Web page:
I communicated with Arnold Gassan at some time in the last few years of the 1990's. He sent me a very interesting story about his meeting up with Minor and Walter Chappelle. The material in the story (entitled "The Dialogue That Failed") was quite illuminating for myself, personally, because it filled in a lot of blanks and explained to a certain extent the origins of my own historical pathways. There were references in it to people I knew or knew of, and it shed a good deal of light on Minor's introduction to Gurdjieff's teachings (which occurred through Chappelle's agency). The story reflected Gassan's disillusionment with Minor, his spirituality, his legacy, and especially of Walter. Gassan and I knew some of the same people and had very different experiences with them. I could certainly understand his point of view, however. At the time, he had retired from his professorship at Ohio U, moved to Arizona, and had changed profession, becoming a psychologist.
At the time I was first involved in the workshops, Minor was either on his way (via Capitol Reef) to Colorado to do a workshop that Gassan had organized or had just come from there, I can't remember which. Gassan refers to that workshop in the story. I believe that it figured into the rift that eventually developed between the two men.
We've moved since I last saw the copy of that story, so unfortunately, I don't have it at hand. One day, I'm sure it will turn up.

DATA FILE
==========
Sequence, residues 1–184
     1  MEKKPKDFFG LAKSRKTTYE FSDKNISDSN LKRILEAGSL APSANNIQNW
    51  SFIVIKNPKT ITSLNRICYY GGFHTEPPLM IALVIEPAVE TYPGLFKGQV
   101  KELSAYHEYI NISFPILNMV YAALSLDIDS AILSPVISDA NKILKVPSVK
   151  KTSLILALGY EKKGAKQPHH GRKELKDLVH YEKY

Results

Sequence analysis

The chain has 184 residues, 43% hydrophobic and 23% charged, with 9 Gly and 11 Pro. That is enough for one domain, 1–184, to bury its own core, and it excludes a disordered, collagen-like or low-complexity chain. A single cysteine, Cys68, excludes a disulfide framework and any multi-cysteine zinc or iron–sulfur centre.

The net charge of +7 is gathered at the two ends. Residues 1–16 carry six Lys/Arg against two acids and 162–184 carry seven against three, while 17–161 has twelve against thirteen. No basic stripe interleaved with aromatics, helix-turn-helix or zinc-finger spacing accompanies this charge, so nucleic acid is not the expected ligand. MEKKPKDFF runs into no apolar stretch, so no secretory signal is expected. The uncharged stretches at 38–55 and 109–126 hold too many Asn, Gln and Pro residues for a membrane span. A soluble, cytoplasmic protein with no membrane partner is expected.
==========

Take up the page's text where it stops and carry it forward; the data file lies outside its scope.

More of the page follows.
My first job in photography (with the exception of processing film for the Reed College Public Information Office) was as Minor's assistant in the 1965 Portland Workshops. He wrote me a check for $50.
The prior year, he had driven out with Brad Hindson as his assistant, but that was the last year that he drove. In 1965, he flew to Portland alone. I was with him in the lobby of the Portland Art Museum when he got the call on the public phone confirming his appointment at MIT. That year, also, his heart condition was diagnosed, again in Portland.
My new wife of the time (life goes on) and I met up with him in San Francisco and stayed with him in a flat over a liquor store in the Filmore that was occupied by a very interesting trio, including the Reverend Katagiri (of whom Natalie Goldberg subsequently wrote). The other two were students at the SF Zen Center, where Katagiri was the second priest. My wife answered the phone once when we were alone in the flat. She said "It was Ansel. He asked to speak with the Great White Father."